What is the Biggest Modifiable Risk Factor For Dementia? Alcohol

MedicalResearch.com Interview with:
“undefined” by Iñaki Queralt is licensed under CC BY 2.0Michaël Schwarzinger, MD, PhD

Translational Health Economics Network (THEN)
Paris

MedicalResearch.com: What is the background for this study? What are the main findings?

Response: The association of heavy drinking with dementia has been known for decades. For instance, there is about no Wernicke–Korsakoff syndrome without heavy drinking and the syndrome was described in 1890. But this type of dementia is very rare. Also, heavy drinking is knowingly associated with multiple risk factors for dementia onset such as hypertension or diabetes. But heavy drinkers generally refuse to participate to cohort studies and declaration of alcohol use among participants is generally biased downward… So the study rationale is very strong, but supporting empirical evidence is quite scarce.

This nationwide study included all 31+ million adults discharged from hospitals over 6 years, i.e., 50% of the French population before 65 years old and 80% above that age. Of 1.1+ million adults diagnosed with dementia, one in twenty had an early-onset (before 65 years old). Heavy drinking was recorded in most (56%) early-onset dementia cases: two-third in men; one-third in women. In addition, the association of heavy drinking with dementia goes far beyond 65 years old, both directly (>3 times higher risk for dementia onset after controlling for more than 30 known risk factors for dementia) and indirectly as heavy drinking was associated with all other independent risk factors for dementia onset. Accordingly, heavy drinking had the largest effect on dementia risk of all independent modifiable risk factors such as hypertension or diabetes.

The effects were found whatever dementia case definition or population studies.

MedicalResearch.com: What should readers take away from your report? 

Response: Healthcare providers should be aware that heavy drinking is not only associated with multiple life-threatening conditions but also dementia. Screening and treatment of alcohol problems are effective and cost-effective.

MedicalResearch.com: What recommendations do you have for future research as a result of this work?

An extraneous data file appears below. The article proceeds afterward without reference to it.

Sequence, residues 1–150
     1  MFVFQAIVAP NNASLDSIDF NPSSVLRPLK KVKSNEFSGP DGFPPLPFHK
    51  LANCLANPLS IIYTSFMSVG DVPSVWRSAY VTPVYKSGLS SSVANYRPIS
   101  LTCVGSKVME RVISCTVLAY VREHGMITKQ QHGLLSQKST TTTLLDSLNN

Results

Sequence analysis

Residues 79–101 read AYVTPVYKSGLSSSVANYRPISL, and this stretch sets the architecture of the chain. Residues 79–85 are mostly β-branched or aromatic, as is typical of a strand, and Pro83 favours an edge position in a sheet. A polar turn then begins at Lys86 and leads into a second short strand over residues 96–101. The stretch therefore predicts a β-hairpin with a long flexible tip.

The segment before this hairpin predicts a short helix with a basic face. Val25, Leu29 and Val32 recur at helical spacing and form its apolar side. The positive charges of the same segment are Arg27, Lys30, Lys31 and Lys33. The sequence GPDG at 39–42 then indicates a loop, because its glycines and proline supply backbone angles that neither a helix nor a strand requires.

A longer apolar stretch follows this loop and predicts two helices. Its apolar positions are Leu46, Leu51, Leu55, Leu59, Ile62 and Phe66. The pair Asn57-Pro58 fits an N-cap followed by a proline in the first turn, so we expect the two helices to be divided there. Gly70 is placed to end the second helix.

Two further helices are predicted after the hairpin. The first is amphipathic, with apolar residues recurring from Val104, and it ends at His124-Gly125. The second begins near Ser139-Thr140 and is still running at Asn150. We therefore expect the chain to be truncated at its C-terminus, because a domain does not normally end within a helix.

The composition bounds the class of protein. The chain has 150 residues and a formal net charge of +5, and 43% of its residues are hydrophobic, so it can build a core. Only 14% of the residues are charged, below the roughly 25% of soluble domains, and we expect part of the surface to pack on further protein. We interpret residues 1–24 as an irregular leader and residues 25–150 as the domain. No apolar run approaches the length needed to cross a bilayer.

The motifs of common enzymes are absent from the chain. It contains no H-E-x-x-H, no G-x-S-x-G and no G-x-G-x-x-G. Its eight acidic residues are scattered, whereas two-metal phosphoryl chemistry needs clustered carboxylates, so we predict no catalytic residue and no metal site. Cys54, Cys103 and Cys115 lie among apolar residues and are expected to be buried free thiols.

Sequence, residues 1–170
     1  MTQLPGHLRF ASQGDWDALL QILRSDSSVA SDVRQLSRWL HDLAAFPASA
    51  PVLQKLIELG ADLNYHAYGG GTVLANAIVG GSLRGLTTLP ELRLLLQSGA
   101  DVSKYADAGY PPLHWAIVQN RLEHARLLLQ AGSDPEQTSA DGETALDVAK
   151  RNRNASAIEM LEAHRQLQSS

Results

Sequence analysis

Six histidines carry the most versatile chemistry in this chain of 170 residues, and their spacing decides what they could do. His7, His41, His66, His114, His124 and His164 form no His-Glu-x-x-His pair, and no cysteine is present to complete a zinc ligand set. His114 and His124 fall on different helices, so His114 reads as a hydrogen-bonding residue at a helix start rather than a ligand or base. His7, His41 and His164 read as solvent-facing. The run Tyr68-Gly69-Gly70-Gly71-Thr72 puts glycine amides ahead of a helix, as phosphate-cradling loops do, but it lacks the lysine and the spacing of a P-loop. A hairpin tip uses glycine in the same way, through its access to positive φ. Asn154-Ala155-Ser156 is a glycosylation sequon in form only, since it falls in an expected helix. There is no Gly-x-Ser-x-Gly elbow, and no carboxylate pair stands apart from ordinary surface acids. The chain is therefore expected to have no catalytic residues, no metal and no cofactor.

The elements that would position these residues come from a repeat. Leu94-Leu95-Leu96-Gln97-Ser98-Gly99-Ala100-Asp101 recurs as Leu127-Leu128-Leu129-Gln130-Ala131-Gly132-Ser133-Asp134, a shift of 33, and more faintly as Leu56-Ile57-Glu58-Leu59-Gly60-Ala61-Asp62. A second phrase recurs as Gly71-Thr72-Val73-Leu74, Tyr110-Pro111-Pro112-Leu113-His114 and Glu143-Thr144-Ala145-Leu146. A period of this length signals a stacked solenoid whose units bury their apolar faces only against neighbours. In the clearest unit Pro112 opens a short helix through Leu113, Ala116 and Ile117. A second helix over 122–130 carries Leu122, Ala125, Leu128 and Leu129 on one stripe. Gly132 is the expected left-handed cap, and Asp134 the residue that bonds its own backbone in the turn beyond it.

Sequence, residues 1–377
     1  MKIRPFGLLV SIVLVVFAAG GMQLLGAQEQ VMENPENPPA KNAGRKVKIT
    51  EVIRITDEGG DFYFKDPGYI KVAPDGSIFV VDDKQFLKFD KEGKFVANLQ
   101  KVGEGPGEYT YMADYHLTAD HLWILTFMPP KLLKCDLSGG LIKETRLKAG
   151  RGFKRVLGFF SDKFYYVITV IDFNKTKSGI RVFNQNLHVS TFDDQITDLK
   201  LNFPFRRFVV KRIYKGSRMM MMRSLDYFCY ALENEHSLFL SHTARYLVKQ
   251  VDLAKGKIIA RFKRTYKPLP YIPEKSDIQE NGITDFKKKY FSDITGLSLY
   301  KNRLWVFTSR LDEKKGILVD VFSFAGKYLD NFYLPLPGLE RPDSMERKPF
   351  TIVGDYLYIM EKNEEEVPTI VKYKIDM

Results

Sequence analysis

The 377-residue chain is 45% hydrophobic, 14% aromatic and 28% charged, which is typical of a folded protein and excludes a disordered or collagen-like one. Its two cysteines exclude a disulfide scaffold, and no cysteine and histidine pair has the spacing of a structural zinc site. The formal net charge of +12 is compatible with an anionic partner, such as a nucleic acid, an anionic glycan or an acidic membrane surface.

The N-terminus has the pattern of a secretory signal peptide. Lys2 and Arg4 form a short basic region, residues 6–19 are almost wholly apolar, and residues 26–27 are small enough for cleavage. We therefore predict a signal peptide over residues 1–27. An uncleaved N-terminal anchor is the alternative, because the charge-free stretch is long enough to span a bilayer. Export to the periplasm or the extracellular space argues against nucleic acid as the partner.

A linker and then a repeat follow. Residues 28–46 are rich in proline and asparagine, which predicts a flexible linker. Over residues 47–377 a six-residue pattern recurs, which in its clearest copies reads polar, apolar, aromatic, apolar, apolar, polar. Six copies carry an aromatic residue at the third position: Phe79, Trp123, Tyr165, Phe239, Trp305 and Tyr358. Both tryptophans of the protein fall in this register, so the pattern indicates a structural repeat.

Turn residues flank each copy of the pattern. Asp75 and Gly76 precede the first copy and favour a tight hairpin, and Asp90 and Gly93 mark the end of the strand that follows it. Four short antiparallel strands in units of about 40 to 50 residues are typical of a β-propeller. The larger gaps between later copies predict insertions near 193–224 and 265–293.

Response: Future studies are clearly needed to clarify the alcohol threshold where people significantly become at higher risk for dementia. Given the strength of the association found in our study, this threshold is certainly below 60g/day for men and 40g/day for women that defines heavy drinking and most likely below 30g/day for men and 20g/day for women that defines at risk consumption.

There is conflicting evidence out there on the benefits/harms of light/moderate alcohol use on dementia risk. Several cohort studies reported that the association follows a J-shape curve, with light/moderate consumption associated with benefits. Though, a growing body of neuroimaging studies support that alcohol use is directly correlated with brain damage which does not fit with a J-shape curve.

MedicalResearch.com: Is there anything else you would like to add?

Response: This study received no funding. It was conducted by researchers from Translational Health Economics Network (THEN); UMR 1137 INSERM–Université Paris Diderot, Sorbonne Paris Cité; INSERM U1219-Bordeaux Population Health, ISPED-Bordeaux School of Public Health; and Centre for Addiction and Mental Health, University of Toronto. 

Citations:

Michaël Schwarzinger, Bruce G Pollock, Omer S M Hasan, Carole Dufouil, Prof Jürgen Rehm, QalyDays Study Group. Contribution of alcohol use disorders to the burden of dementia in France 2008–13: a nationwide retrospective cohort study. The Lancet Public Health, 2018 DOI: 10.1016/S2468-2667(18)30022-7

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